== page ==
It's been said that the best way to get love is to give it. Spirit Award have been on the receiving end for a couple of years now, entrancing fans everywhere from here in their hometown of Seattle all the way to Europe, which they freshly returned from, with their brooding brand of psychedelic indie rock. For the trio, it’s time to return that love back home, to those who truly need it. For their upcoming 7” vinyl Currency, out tomorrow, May 17, the band has partnered with non-profit label Share It Music to do their part in fighting the growing homeless epidemic in Seattle.
The model is simple, Share It Music donates 25% of every release to a charity of the artist’s choice. The trio wisely chose Mary’s Place, a fantastic Seattle-based organization that provides safe, inclusive shelter and services for women, children and families on their journey out of homelessness. Thematically and musically, this choice makes sense considering Spirit Award have long been focused on the idea of homelessness, greed, and the wealth gap, which was first explored in last year’s celebrated Muted Crowd and is continued on Currency. Today, KEXP is premiering and exclusively streaming for 24 hours, until Currency’s release tomorrow, the B-side “Is It Enough?”
Unlike A-side “Mountain,” released in March but a long-time constant in their live shows, “Is It Enough?” strays from Spirit Award’s usual lane of upbeat, heavy, and gritty for a piano-led slow-burner. The foreboding feeling is still there and there’s just enough spacey fuzz to keep the song consistent with the Spirit Award canon but it’s certainly a new side to the energetic band we’ve yet to see. Frontman Daniel Lyon has this to say about the song:
“We originally set out to record these two songs for our full length Muted Crowd. Gary Reynolds who owns Electrokitty Recording Studio in Seattle wanted to come out of retirement to produce some songs and offered for us to come to Electrokitty to record with him and Garrett Reynolds. We had originally come in with with the intention of recording ‘Mountain’ and a song called ‘Lily’ that we later abandoned. We loaded into the studio at night to set up for the next day. I sat down at the piano and started playing a song i'd been working on at home, Gary turned to me and said ‘That's the song! That's the fucking song man!’ [referring to the song that became ‘Is It Enough?']. We then spent a couple days tweaking it and writing parts. We had both songs almost finished but put temporarily put them down while we wrote and recorded Muted Crowd a few months later. For some reason the songs didn't seem to fit the vibe of Muted Crowd, but we still wanted to do something with them. After finishing Muted Crowd we went back to Electrokitty and finished them, and started talking with Share It Music.”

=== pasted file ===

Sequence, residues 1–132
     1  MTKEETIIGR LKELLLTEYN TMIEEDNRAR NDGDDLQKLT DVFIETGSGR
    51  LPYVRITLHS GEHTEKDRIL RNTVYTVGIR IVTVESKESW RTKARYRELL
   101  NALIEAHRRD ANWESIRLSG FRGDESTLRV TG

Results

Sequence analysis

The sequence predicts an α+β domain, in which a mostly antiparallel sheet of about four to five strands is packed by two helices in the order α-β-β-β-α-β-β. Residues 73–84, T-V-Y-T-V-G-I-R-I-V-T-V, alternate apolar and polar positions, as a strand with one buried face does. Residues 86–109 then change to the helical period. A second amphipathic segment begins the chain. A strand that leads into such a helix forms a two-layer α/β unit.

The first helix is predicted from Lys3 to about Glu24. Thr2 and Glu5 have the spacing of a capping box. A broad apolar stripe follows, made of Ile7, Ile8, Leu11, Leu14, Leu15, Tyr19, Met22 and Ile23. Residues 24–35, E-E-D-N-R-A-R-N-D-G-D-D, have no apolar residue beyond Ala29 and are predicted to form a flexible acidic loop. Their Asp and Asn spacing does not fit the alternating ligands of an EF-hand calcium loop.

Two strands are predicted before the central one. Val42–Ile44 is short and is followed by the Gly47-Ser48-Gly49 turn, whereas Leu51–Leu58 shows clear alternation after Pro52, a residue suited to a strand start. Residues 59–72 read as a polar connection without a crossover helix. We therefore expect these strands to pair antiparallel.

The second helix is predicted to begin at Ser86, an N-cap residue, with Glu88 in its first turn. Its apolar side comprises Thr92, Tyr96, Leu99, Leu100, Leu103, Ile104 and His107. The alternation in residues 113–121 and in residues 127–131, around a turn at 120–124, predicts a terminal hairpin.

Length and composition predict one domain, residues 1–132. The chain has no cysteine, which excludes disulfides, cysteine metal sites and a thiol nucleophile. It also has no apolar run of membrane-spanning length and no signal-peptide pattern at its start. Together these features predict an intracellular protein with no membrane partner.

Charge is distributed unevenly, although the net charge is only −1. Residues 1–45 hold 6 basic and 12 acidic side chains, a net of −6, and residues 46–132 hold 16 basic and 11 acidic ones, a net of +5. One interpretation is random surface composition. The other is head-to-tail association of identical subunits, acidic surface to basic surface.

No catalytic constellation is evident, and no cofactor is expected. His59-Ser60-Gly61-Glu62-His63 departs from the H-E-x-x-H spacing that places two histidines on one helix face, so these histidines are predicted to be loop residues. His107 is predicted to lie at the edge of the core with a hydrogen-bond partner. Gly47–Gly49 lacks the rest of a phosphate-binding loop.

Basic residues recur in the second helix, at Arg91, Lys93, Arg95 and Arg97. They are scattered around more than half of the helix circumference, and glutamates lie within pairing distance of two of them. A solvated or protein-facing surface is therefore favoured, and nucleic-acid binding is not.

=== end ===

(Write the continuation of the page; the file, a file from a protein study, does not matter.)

It’s important to talk about Share It Music because the label is doing important work. Founded and run by Washington-native Cayle Sharratt, the label is a 501(c)(3) charitable nonprofit organization that operates as a record label, with neither Sharratt nor anyone who works at Share It Music making any income. Sharratt relies on the community of industry friends he created during his time interning at Sub Pop to volunteer their time to keep the label running, while Sub Pop itself distributes the Share It Music releases. Essentially, it’s the antithesis to every record label “money-grubbing” stereotype out there. Lyon had this to say about Spirit Award’s choice to work with the label:
“Share It’s vision of what they wanted to do for bands, people, and giving back to the community was very exciting and inspiring. We are thrilled to be putting this out on a non-profit label, and giving 25% of sales to Mary's Place. We named the two song album Currency because the two songs center around greed, the struggle to have affordable housing, and the large wealth gap that we see/feel personally in Seattle, but also in cities throughout the country and beyond. As artists working in a city with prices ceaselessly increasing, we are often forced to work many hours at multiple jobs in order to maintain the ability to afford to live, making it ever harder to find time and support as artists. This art is the 'currency' that matters most to us, and we want to find ways to use it to bring positivity to people’s lives.”
If the cliches are correct when they say greed is the root of all evil and love is truly all you need then it seems like Spirit Award may be leaders in a path to enlightenment. Unlike the cult leaders they portrayed in the video for “Supreme Truth,” it seems the path might be simpler than shunning society and wearing all white: care for each other and speak up for people who can’t speak up for themselves. Is it enough? Let’s give it a try and see what happens.
Spirit Award are embarking on a string of tour dates, with their Seattle show set for Saturday, June 8 at Tractor Tavern. Pre-order the Currency vinyl here. Below, stream “Is It Enough” and watch Spirit Award’s KEXP in-studio performance from 2018.
Plus, check out the Claire Buss directed 360-degree video. 100000 is out May 3 via Hardly Art.
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